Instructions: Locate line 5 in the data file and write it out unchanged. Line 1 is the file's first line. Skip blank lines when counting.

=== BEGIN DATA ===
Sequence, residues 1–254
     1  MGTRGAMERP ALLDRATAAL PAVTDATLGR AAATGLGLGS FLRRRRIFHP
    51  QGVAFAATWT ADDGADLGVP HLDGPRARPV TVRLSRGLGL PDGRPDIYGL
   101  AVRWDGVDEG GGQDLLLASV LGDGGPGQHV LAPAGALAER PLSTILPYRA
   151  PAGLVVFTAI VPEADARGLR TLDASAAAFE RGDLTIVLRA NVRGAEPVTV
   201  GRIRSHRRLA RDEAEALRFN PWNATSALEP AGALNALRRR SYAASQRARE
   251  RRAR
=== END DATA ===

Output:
   151  PAGLVVFTAI VPEADARGLR TLDASAAAFE RGDLTIVLRA NVRGAEPVTV